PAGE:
Texas Tech: Central Arkansas went 6-for-6 on fourth downs against Texas Tech's defense and cranked out 28 first downs on the night. That's got to be concerning for a Tech defense that has a lot of work to do and must find ways to get off the field in Big 12 play. The 15 penalties for 113 yards Tech accounted for against UCA definitely contributes to that problem, too.

West Virginia: The 365 passing yards Clint Trickett put up against the Crimson Tide were the second-most Alabama has given up since Nick Saban took over as head coach in 2007. Only Johnny Manziel (464 yards, 2013) has surpassed that total. Trickett was not afraid to attack that Bama defense with tempo and precision, and that has to be encouraging for this West Virginia offense going forward.
While some college coaches are playing possum about their starting quarterbacks with the season just around the corner, Kansas coach Charlie Weis took a different approach.

Weis named sophomore Montell Cozart the Jayhawks' starting quarterback in mid-April, leaving opponents no doubt who would be the man under center this fall. But Weis’ early choice also left no doubt in the minds of Cozart’s teammates.

The result of the pre-summer decision has paid off.

[+] EnlargeMontell Cozart
AP Photo/Orlin WagnerKansas QB Montell Cozart is reaching for more success as a sophomore.
When the Jayhawks announced their captains and leadership committee last week, linebacker Ben Heeney, safety Cassius Sendish and receiver Nick Harwell were named captains after garnering the majority of the votes, while Cozart, offensive lineman Pat Lewandowski and defensive lineman Keon Stowers earned enough votes to separate themselves from the rest of the squad and join the captains on the leadership committee. Cozart is the only non-senior on the six-player committee which was voted on by the players.

“That’s what you’re hoping for,” Weis said. “By putting him in that position in May you’re hoping by the time you’re ready to play the players are looking at him as a guy they can rally around.”

For Weis it was more important to put Cozart in a position to emerge as a leader and difference-maker on KU’s offense before the summer so everyone knew who would be the triggerman in John Reagan's new offense.

“He’s more mature than a lot of sophomores I’ve seen,” Harwell said. “He’s soft-spoken but he’s a leader.”

Cozart earned the starting role during the spring after an roller-coaster freshman season. He appeared poised for a redshirt year, watching the first five games from the sidelines, until his redshirt was removed before the Jayhawks’ home game with Oklahoma. He played in KU’s final seven games (three starts), finishing 23 of 63 passing for 227 yards and two interceptions. He added 66 carries for 214 yards and one touchdown.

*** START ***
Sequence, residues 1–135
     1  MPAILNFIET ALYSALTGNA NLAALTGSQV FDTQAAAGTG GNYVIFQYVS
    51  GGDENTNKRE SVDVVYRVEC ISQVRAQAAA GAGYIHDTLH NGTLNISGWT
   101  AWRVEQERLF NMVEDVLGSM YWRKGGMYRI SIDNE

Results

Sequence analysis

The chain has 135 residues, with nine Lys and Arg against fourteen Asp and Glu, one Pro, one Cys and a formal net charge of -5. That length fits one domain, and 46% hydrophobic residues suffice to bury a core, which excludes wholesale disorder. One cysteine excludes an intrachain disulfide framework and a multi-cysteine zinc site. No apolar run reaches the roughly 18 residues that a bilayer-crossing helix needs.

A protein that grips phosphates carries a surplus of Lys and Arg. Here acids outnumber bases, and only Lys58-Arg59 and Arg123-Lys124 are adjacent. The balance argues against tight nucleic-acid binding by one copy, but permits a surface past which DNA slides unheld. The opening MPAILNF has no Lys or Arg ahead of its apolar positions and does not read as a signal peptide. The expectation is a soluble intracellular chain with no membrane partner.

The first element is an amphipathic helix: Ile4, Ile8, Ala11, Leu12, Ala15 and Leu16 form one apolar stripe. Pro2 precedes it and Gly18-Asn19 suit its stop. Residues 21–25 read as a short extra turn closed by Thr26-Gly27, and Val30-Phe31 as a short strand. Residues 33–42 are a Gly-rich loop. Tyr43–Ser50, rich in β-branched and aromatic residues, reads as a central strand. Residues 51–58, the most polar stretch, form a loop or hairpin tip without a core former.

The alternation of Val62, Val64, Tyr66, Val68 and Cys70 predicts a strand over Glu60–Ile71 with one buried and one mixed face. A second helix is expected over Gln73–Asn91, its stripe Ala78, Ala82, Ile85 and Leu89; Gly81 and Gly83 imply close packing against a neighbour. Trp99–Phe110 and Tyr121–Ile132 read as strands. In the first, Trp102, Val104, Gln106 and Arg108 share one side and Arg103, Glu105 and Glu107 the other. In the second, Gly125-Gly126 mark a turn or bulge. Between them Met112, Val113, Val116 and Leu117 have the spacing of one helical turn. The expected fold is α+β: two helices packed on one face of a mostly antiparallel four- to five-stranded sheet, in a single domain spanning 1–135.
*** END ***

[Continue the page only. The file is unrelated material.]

Yet his emergence as a leader didn’t begin until after his first season in the program.

“He’s done his part as a quarterback and leader to push us,” tight end Jimmay Mundine said of Cozart’s impact on the Jayhawks’ summer workouts.

His leadership traits were largely unseen during his true freshman campaign, but they were among the traits that intrigued Weis when he visited Cozart at Kansas City (Missouri) Bishop Miege High School during the recruiting process.

“I went to his high school and he couldn’t go anywhere without everyone following behind him,” Weis said. “They all gravitated to him. He was obviously, not just the quarterback, but the leader. I knew we would eventually see that from him. I’m happy it’s happening sooner rather than later.”

Now, as a sophomore, the future—and present— of the Jayhawks' offense is in the hands of Cozart. When the Jayhawks become the last Big 12 team to open its season when Southwest Missouri State visits Memorial Stadium on Sept. 6, it will be a different Cozart taking the snaps for KU.

“He’s a young guy who has grown a lot since last season,” Harwell said. “I feel like he’s ready for the big stage.”

It’s a stage he didn’t shy away from when thrown into the fire against Oklahoma in his first collegiate game. And the players’ vote completely validated Weis’ decision to name Cozart the starter before the summer and revealed Cozart’s emerging leadership skills.

“The statement was made by [the players], not by me, by their votes, they can see that [rallying around Cozart] happening,” Weis said. “They’ve set it up for him to be the leader of the team as you move forward into the future.”

Big 12 morning links

August, 12, 2014
Aug 12
8:00
AM ET
This week we're rolling out a new version of your beloved lunchtime links, now served up in a healthy breakfast portion with a little extra meat on the bone. Or something like that. Here's what's cooking in the Big 12 this morning:
  • There are several good reads out today on Kansas starting quarterback Montell Cozart. Rustin Dodd of the Kansas City Star had a sweet anecdote about Cozart, Nick Harwell and Tony Pierson teaming up to beat a squad of KU basketball players (including Joel Embiid) in pickup basketball. The kid sounds more confident in his second year, and after striking out on free-agent pickups Dayne Crist and Jake Heaps, Charlie Weis is putting his trust in the dual-threat to lead. Cozart was shaky after his redshirt was pulled in 2013, and didn't surpass 70 passing yards in any game. KU going all-in on him this spring is encouraging for his development. Hard to peg what Cozart's ceiling is, but expect to start seeing flashes of his potential in nonconference play.